Lila plunges into the consciousness of its heroine in a way that bounces around considerably in time, but this journey shows the author’s remarkable skill in using Lila’s consciousness as a way of exploring deep and difficult issues. This is a main purpose here: we accompany Lila in her beginner’s quest to understand her universe. Along the way we have the kindly, beautiful John, her mentor and student and lover, and his highly examined and literate relationship with God. It’s as unique a romance as you will encounter in literature, this marriage of John and Lila. It’s beautiful in itself, carefully paced, and expressed with all the grace and respect Ms. Robinson can summon, which is – all of it, I think. That also is one part of the point: I believe the author definitely wants to leave her readers with the very distinct impression that you can approach life’s vagaries, and the eternal questions, in a spiritual way, and you will be made to feel welcome.


The book in effect introduces the Gilead trilogy, although it is published last. Its events anticipate those of the other two books, and Lila’s new child and her husband and her beliefs lead us up to the beginning of the first book in the trilogy, Gilead.  The tone and consciousness, the effortless - and chapterless - flow forward and backward in time, the masterly yoking of her language to her purpose – Marilynne Robinson is, after all, the finest living American writer – all of these feature in this excellent piece. It somehow achieves a pastoral flavor (the book is dedicated to Iowa) amid all the philosophical grappling and exegesis, Depression subsistence and petty whorehouse meanness. It’s a tribute to our intrepid author’s skill with her subject. I unreservedly and unabashedly recommend all three books. Read them in order for the full reward.

"The Narrow Road to the Deep North" by Richard Flanagan

Sunday, March 1, 2015



Throughout The Narrow Road to the Deep North protagonist Dorrigo Evans strives unwillingly, unwittingly, “… (t)o follow knowledge like a sinking star/Beyond the utmost bound of human thought.” These lines from Tennyson’s Ulysses capture the hero’s plight: the more he experiences, the less he seems to know, the less he seems to be capable of dealing with. Like Ulysses, Dorrigo finds late in life that he lives among “a savage race,/That hoard, and sleep,  and feed, and know not me.”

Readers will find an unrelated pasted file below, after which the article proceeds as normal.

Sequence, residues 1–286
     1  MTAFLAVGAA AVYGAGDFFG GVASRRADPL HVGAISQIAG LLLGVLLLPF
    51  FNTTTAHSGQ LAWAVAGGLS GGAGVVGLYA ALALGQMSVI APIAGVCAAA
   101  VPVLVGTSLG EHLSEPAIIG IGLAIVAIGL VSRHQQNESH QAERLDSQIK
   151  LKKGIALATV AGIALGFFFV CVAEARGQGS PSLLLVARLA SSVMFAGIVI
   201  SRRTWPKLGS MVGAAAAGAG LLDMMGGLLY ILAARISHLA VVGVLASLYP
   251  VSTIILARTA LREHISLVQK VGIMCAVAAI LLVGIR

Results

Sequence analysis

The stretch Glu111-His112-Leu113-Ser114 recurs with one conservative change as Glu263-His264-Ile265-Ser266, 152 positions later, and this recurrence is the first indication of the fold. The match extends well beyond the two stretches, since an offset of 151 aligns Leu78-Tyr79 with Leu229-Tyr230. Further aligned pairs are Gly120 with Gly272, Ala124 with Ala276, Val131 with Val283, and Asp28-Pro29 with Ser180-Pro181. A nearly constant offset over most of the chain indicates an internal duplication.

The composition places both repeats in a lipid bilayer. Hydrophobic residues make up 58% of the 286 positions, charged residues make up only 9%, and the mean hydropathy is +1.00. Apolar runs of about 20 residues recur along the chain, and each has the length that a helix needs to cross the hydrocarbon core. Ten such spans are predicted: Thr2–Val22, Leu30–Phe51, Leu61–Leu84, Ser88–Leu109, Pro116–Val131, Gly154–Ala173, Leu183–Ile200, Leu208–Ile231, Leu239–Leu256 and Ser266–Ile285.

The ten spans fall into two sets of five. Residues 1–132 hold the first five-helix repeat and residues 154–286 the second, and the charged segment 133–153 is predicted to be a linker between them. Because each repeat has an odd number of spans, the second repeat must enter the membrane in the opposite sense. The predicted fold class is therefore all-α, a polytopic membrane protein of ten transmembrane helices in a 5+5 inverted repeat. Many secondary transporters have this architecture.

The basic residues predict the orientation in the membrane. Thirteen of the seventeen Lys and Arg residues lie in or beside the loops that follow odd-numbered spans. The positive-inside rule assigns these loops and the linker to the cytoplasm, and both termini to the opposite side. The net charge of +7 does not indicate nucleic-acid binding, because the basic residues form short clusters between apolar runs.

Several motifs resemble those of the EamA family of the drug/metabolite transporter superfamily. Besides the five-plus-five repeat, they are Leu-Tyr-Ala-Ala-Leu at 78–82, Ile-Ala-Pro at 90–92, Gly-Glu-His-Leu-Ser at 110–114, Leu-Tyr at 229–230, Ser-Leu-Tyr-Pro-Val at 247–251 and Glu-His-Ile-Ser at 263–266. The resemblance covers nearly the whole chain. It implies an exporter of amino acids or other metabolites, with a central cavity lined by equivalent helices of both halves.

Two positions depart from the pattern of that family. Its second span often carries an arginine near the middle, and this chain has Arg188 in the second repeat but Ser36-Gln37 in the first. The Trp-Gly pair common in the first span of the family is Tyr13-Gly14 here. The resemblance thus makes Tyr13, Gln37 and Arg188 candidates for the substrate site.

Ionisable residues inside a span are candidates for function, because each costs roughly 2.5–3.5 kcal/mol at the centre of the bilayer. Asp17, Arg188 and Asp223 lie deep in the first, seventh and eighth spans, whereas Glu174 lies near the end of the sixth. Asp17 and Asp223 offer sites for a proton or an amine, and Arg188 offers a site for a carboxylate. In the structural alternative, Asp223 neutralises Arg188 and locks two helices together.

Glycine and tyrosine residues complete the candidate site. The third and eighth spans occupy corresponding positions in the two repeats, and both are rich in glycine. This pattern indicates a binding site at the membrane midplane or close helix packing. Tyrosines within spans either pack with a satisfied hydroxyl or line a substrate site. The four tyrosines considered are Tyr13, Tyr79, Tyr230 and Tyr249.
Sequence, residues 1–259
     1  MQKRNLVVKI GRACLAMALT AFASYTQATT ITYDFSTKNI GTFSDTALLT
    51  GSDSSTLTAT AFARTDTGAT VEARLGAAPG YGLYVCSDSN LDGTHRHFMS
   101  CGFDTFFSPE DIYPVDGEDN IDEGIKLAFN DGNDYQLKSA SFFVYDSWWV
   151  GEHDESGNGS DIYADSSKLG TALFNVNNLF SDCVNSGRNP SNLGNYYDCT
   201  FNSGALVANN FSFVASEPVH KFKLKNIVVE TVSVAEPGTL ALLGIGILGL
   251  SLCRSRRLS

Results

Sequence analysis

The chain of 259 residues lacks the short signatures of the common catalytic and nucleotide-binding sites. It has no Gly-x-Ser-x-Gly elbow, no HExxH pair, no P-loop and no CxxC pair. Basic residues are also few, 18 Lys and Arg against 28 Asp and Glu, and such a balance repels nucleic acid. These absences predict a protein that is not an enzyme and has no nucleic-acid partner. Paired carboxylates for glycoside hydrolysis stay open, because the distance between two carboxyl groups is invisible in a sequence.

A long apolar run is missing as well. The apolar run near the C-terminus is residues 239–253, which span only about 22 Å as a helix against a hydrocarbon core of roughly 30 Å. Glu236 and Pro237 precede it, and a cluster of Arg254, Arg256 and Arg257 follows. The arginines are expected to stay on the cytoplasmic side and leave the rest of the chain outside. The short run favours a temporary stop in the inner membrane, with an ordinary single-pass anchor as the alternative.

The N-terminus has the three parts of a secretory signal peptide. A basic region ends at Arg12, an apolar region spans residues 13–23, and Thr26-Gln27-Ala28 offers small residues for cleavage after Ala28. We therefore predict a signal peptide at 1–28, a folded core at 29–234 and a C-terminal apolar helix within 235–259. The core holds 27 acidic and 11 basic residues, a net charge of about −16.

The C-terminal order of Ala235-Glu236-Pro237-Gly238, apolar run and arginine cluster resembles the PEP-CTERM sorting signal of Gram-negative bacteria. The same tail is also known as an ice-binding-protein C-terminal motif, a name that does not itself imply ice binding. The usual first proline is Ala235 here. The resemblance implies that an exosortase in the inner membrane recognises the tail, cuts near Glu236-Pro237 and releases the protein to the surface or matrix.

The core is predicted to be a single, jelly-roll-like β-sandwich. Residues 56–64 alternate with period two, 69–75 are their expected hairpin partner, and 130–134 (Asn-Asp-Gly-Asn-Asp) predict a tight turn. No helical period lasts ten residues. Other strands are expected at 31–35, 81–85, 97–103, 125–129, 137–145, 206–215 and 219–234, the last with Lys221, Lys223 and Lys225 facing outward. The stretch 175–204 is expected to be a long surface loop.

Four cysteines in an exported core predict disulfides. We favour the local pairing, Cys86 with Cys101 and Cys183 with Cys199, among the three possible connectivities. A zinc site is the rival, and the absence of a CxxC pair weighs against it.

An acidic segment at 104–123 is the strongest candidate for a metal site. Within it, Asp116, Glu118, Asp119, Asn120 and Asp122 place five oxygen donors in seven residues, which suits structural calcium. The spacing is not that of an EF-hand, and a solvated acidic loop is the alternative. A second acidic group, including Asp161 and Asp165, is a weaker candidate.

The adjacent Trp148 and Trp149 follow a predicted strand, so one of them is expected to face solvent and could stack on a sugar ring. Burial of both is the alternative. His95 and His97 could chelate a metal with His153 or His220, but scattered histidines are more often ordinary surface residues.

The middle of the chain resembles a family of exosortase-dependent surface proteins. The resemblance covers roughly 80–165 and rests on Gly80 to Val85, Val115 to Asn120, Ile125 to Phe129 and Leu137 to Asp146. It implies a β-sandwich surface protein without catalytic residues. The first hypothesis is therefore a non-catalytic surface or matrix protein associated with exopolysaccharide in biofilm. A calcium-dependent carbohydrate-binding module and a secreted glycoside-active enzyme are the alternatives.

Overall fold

After becoming a doctor and enlisting in the Australian army in 1942, Dorrigo Evans, promised to another, meets – or is captured by – Amy, a young woman who is married to his uncle Keith. And in her arms he finds he understands nothing of love, of human conduct, nor of the attractions of any other woman. He experiences extremes of confusion. Life, the world, the human race – all are incomprehensible. He never feels more alive nor more confused as during his weeks with her by the Adelaide seaside. His resulting unmooring, through his heroic service with doomed Australian POWs in Siam and Burma, and his subsequent honors and fame, imprisons him in an impenetrable solitude.

Richard Flanagan, author of the astonishing Gould’s Book of Fish, has produced a work of overwhelming power; it will sear your consciousness with the staggering facts of heroism, murderous cruelty, a boundless love beyond comprehension. And yet through it all, our hero cannot feel certain of these basic facts. Dorrigo’s confusion rings true because the author displays a master’s command of language and consciousness. He sets Dorrigo and Amy alone in the universe at the seaside resort, in the thrall of a passion that overwhelms any description, that surpasses rational thought. He tells of the POWs on the death railway in a more straightforward way because that story has its own enormity, its own incomprehensibility.


I’m tempted to quibble about a couple of plot points that seem to rest on flimsy foundation, like Dorrigo’s and Amy’s postwar failure to seek each other out, or the not-quite-necessary family connection from the POW camp. But these are quibbles, and certainly not the right way to end this review. Take this stunning book up. It deserves its accolades, and Richard Flanagan deserves his prominent place in today’s pantheon of writers.